Securities Industry Commentator by Bill Singer Esq

October 7, 2019

featured in today's Securities Industry Commentator:

Demographic studies conducted by Ernst & Young have concluded that the average financial advisor is 51, an age that has risen steadily each year and makes the average advisor a member of a protected class. The revised production requirements that former wirehouses now forcefully seek to enact will have the net effect of phasing out a significant number of age 50-plus advisors who cannot reasonably be expected to compete with the practice-growth requirements of their younger colleagues. Firms like Merrill Lynch focus on the perceived beneficial impact that their so-called motivational policies have on their firms' "bottom line;" however, not of concern to such employers is that those same policies may unintentionally have a discriminatory impact and violate both federal law and numerous state anti-discrimination statutes.
Vlaidmir Ziskind pled guilty in the United States District Court for the Southern District of New York to one count of conspiracy to commit securities fraud and one count of securities fraud. As alleged in part in the DOJ Release:

For several years, ZISKIND and his co-defendants operated a fraudulent scheme in which a salesman named "Mike Palmer" would call elderly persons on the phone and offer them what he claimed was a time-sensitive opportunity to buy stock in certain companies.  In fact, there was no "Mike Palmer," and the salesman was actually ZISKIND or co-defendant Kevin Weinzoff, who were taking turns using the fake alias.  The purported time-sensitive investment opportunity was also fabricated by the defendants, as the companies in which they solicited investments were actually companies under their control.  In one intercepted phone call conversation, ZISKIND described to co-defendant Keith Orlean, the chief executive officer of the company, his strategy for a successful investor sales pitch as: "You ram it down their fucking throat."  In another intercepted call between ZISKIND and Orlean, upon learning that a particular victim investor died, ZISKIND remarked:  "I knew I should have pulled the last $10,000 out of him."   

The most recent version of the defendants' phony sales pitch included false representations about an impending initial public offering, or "IPO," for their company, Digital Donations Technologies, Inc.  For example, in April 2018, ZISKIND assured a victim investor that "our company is doing great," that the company had an offer for an IPO valued at approximately $300 million, and that Orlean was considering a private sale of the company for more than $1.5 billion.  In truth, however, the defendants knew that the company had little or no actual commercial value and that no such IPO or sale was taking place.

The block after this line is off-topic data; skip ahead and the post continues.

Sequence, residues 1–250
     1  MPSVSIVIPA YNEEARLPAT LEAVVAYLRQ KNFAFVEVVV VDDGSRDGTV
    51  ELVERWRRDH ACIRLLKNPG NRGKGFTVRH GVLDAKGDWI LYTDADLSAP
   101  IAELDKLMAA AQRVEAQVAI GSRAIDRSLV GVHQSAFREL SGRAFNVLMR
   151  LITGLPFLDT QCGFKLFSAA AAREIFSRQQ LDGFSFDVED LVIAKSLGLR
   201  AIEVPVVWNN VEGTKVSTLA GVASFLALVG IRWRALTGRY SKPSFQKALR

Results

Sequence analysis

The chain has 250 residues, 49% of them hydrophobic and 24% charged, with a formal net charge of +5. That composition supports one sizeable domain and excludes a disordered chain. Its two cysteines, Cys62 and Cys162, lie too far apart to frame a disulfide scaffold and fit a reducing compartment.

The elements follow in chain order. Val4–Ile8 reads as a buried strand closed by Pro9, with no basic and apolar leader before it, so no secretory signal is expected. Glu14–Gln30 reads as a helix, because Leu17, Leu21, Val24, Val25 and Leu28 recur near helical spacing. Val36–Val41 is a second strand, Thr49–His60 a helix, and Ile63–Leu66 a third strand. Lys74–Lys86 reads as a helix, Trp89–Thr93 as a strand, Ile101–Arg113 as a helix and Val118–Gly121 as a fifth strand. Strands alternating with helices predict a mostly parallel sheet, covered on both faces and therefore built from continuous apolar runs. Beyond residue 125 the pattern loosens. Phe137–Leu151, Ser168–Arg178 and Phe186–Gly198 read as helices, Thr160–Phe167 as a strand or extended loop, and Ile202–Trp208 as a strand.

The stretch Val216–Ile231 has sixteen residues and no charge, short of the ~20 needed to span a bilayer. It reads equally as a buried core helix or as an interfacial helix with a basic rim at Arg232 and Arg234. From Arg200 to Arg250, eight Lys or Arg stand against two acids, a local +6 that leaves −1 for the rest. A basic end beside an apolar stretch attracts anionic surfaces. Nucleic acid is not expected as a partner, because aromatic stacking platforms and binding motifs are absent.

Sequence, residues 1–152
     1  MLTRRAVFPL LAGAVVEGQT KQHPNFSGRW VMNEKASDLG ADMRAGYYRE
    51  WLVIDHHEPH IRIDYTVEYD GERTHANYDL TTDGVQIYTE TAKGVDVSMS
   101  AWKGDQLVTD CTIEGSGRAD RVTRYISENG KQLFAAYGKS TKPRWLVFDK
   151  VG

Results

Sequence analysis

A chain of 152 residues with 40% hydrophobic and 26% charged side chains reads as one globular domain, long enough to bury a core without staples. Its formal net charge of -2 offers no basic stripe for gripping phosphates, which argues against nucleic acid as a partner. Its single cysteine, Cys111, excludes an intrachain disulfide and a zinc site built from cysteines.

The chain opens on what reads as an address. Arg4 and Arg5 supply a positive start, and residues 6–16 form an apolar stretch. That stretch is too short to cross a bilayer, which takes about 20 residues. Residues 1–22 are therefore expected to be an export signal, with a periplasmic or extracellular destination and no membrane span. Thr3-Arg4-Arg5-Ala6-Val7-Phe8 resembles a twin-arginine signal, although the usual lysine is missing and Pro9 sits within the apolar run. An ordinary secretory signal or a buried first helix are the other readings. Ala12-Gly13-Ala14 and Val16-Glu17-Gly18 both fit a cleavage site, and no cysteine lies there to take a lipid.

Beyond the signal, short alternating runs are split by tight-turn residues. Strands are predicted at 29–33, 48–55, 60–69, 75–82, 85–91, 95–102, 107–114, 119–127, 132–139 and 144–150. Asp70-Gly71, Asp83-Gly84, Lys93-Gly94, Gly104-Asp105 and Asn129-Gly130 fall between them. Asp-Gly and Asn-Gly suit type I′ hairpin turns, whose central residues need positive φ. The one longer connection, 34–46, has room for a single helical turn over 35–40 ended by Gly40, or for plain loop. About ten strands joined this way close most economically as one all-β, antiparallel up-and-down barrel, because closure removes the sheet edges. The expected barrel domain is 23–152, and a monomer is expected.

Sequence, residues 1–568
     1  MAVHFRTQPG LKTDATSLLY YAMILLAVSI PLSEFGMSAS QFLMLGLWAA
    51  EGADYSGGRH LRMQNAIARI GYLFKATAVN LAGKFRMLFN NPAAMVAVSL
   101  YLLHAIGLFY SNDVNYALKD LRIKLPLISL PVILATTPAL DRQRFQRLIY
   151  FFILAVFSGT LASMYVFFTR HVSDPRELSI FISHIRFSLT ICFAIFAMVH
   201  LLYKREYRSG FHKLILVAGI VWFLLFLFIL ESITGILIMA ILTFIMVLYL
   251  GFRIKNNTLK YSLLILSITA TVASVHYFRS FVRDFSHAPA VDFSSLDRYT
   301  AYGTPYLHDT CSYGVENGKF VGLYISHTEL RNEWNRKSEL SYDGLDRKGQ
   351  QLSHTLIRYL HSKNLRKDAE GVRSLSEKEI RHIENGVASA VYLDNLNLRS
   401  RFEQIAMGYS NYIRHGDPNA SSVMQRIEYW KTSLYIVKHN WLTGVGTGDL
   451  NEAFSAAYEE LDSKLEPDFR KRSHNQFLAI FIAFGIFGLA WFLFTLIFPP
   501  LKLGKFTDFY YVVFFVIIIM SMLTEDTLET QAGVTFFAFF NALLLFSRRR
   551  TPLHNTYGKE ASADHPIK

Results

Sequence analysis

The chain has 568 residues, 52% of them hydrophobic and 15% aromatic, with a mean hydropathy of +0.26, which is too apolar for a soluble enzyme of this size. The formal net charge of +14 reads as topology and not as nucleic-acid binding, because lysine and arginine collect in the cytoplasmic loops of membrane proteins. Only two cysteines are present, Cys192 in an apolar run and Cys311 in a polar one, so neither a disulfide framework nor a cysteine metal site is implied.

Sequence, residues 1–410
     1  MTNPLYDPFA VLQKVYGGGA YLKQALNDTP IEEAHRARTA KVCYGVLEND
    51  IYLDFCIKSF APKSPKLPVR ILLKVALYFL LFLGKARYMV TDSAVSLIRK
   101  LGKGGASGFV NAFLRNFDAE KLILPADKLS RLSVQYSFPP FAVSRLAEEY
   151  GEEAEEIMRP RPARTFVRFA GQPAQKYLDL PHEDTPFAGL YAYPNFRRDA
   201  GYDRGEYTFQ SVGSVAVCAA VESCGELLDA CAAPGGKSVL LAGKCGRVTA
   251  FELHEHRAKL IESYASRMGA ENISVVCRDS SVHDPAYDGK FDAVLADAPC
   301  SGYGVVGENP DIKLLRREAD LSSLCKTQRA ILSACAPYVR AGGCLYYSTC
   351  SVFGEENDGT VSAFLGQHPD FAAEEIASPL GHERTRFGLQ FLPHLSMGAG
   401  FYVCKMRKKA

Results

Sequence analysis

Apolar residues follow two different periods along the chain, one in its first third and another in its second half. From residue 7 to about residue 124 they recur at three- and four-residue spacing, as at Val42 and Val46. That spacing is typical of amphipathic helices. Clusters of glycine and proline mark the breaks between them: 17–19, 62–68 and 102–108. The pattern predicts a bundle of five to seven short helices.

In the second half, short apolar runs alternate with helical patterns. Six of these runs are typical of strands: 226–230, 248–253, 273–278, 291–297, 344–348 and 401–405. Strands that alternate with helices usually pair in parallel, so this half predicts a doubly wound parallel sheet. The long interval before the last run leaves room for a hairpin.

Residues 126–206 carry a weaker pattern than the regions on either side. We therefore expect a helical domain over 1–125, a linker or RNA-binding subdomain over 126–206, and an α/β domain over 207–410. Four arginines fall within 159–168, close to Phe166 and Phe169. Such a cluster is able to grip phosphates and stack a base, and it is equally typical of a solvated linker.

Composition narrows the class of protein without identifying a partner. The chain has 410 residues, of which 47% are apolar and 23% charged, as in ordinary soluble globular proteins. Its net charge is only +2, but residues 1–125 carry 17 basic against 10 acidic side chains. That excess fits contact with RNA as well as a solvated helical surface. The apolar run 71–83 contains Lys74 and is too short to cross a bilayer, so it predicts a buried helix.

The Federal Bureau of Investigation ("FBI") estimates that since April 2014, the defendants have convinced more than approximately 50 elderly persons to purchase stock in companies controlled by one or more of the defendants based on false representations.  The defendants appear to have solicited more than $2 million in stock purchases from victims.

Federal Jury Convicts Owner of Bullion Direct, Inc. in Austin for Investment and Wire Fraud Scheme (DOJ Release)
After a five-day trial in the United States District Court for the Western District of Texas, a jury convicted Bullion Direct, Inc.' Chief Executive Officer/owner Charles McAllister of two counts of wire fraud and one count of engaging in a monetary transaction with criminally derived property. As alleged in part in the DOJ Release:

[F]rom at least January 2009 through July 2015, McAllister perpetrated a scheme that falsely represented that funds obtained from individual customers would be used to purchase precious metals on behalf of the customer and either shipped directly to the customer or stored in BDI's vault.  Instead of buying the precious metals with the customer's funds and storing customer metals, McAllister spent customer property on BDI corporate expenses, on other investment activities, and for his own personal use and benefit.

McAllister, who is currently on bond, faces up to 20 years in federal prison for each wire fraud count and up to ten years in federal prison for the money laundering charge.  The Court is also considering entering a $16,186,212.56 monetary judgment against McAllister that represents the amount of proceeds obtained directly or indirectly from the defendant's alleged scheme. . . .
Sean Kerwin Bindranauth was in the United States District Court for the Southern District of Florida charged with conspiracy to commit money laundering, eight counts of money laundering, and conducting an unlicensed money transmitting business. As alleged in part in the DOJ Release:

[F]rom at least as early as February 2018 and continuing through May 2019, Bindranauth was part of a conspiracy that used investment and romance scams to induce victims to money via wire, personal checks, or cash to Bindranauth for a purported investment or promissory payment. Bindranauth would allegedly send the funds out of the United States to Nigeria through Western Union and MoneyGram as well as bank-to-bank transfers. Several of the victims are over 60 years old.  Bindranauth and his co-conspirators were given a total of nearly $1 million from over a dozen senior citizens and other victims.
Samuel John Abraham, 62, was sentenced in the United States District Court for the District of Virginia to 10 years in prison for his role in running an advanced fee scheme. As alleged in part in the DOJ Release, Abraham and his Co-Defendant Kenneth Ross Thomas: